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Ordinance and Laws Coverage – Homeowners Insurance Melbourne, Florida
Insurance Center of Central Florida
Ordinance and Laws coverage, are you covered? Watch here, then log on to www.TheInsuranceCenter.us for complete details.
Frank: I want to talk about a couple of coverages that are sort of particular to Florida and that you really need to address, especially with the hurricanes. Kevin’s going to start us with law and ordinance.
Kevin: There’s a coverage under your homeowners policy that’s called law and ordinance or ordinance and law coverage, and what it that does is provides additional funds under your policy to cover the increased cost of construction to your home because of an ordinance or a law, not because of any direct damage. And what I mean by that is, for example, if you live in Brevard County, if you suffer damage to the framing of your window after a hurricane as is very common, as is very common that happens. The current building code says that when you rebuild that property, those windows have to be built to a certain strength, and there also have to be shutters involved.
Frank: Either impact glass or shutters.
Kevin: And when you think about Hurricane Andrew when it happened in the early ’90s down in the Homestead area, because of the catastrophic damage like nothing anybody had ever seen before from a hurricane — catastrophic damage — you’ve got local authorities coming out playing damage control trying to convince people, hey, we are not going to let this happen again. Something this terrible will never happen again. The way they so that is they start to enforce new building codes. For example, improvements to the roof-to-wall connections, changes in the elevation requirements for a home that is too close to the water, changes in the elevation. Items such as that are going to cost more money when you have your house repaired or have your house rebuilt. And because those costs had nothing to do with the way your house was before the loss, your homeowner’s policy doesn’t owe you anything for that unless you have enough insurance under the ordinance and law part of the policy. That’s why it is important to talk to the agent to know exactly what the codes are in your area and how they could impact the rebuilding of your house after it’s damaged.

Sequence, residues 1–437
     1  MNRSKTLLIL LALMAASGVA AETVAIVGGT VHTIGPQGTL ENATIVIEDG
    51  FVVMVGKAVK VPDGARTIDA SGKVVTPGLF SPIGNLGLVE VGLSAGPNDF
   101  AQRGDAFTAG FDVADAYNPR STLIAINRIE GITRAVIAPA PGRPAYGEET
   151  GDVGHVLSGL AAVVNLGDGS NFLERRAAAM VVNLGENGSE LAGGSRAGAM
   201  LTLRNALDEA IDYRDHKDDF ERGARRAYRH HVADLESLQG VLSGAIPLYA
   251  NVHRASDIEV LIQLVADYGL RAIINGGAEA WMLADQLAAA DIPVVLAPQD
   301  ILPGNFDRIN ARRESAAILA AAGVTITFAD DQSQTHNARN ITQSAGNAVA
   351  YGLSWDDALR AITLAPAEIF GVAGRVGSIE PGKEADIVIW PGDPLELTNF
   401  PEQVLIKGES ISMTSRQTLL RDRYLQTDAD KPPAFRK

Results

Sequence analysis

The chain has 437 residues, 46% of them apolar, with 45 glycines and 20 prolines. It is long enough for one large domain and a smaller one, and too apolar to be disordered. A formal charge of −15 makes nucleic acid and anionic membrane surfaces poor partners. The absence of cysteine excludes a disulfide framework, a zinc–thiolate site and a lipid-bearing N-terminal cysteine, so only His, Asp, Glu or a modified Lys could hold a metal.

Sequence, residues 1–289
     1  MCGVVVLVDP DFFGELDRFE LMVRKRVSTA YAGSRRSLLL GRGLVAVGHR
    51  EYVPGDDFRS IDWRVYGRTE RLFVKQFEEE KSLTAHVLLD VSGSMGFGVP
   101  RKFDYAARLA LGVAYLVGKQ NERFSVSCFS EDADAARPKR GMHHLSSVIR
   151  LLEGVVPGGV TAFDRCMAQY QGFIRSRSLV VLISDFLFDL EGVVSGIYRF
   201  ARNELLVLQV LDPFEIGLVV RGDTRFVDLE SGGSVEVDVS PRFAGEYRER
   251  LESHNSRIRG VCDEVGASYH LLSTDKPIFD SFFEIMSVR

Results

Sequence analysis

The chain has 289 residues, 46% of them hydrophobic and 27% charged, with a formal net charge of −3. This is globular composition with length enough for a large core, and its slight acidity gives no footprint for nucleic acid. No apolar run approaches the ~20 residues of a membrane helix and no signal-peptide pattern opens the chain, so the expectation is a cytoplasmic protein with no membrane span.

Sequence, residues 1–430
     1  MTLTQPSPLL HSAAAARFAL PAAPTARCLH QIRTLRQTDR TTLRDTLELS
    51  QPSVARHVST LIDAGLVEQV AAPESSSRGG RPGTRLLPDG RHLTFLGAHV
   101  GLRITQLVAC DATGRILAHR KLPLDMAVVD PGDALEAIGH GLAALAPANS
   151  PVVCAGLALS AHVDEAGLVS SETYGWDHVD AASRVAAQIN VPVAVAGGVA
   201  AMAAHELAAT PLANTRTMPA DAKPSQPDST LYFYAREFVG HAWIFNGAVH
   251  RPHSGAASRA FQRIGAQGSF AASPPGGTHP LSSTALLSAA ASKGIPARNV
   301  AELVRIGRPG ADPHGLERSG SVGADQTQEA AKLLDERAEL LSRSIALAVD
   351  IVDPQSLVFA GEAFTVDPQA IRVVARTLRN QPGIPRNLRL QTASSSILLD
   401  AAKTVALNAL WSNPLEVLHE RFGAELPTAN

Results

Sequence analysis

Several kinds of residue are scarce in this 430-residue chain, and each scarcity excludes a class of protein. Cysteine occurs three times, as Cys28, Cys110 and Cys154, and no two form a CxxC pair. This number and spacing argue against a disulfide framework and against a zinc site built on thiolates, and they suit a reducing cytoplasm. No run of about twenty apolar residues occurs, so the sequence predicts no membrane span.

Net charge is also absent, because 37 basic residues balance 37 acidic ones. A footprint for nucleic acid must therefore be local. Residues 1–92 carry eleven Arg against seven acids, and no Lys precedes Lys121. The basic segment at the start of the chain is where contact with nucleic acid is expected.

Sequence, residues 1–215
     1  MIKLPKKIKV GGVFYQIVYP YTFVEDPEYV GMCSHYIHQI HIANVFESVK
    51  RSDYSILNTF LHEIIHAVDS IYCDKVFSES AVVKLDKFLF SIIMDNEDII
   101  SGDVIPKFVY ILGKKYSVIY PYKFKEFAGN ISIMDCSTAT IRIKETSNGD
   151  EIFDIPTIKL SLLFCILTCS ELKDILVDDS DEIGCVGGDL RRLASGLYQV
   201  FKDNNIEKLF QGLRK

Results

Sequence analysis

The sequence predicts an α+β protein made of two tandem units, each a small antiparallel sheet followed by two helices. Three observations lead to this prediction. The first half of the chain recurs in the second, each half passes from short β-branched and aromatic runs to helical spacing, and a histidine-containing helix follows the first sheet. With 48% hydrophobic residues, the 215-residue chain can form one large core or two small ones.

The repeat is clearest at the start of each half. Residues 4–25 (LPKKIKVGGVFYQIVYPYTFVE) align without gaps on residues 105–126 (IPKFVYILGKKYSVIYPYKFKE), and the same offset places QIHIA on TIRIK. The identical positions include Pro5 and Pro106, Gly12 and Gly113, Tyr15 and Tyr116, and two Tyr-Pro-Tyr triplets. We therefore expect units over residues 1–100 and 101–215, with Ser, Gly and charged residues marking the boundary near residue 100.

Frank: Even now, last October, they passed a law that if you put a new roof on, you have to have a secondary water-resistant barrier. So, if those shingles blow off, there’s another layer to protect you before the house leaks, and typically, that’s like a peal-and-stick foam rubber that they lay down that covers all the cracks, and a lot of times, they do the whole roof. So, if your shingles blow off, your roof won’t leak. That’s the biggest problem. You’re going to get water damage. So, those codes change. Take your roof. I think it’s about ,000 more per year to do that. So, the insurance company that you have, if your roof blow off, call the insurance company and say, hey, listen, the roof was ,000 to replace it, well, now I need this barrier. Well, hey, without this law and ordinance coverage, they wouldn’t pay the ,000. Law and ordinance insures that you get that ,000. So, you do want to make sure you have that. Keep in mind that it comes in different levels. Some policies give you 10% of the value of the house. Again, if you have a 0,000 house, 10% is ,000. You could by 25%, which would be — on a 0,000 house — it would be ,000. Again, you could go to 50%, which would be ,000 on a 0,000 house. What you want to do, though, is at least make sure you know where you stand. Don’t just ignore it, put your head in the sand and say, ahh, this will never happen to me. This is Florida. We have fires, we have hurricanes. So, these things do happen, so you want to pay attention to it.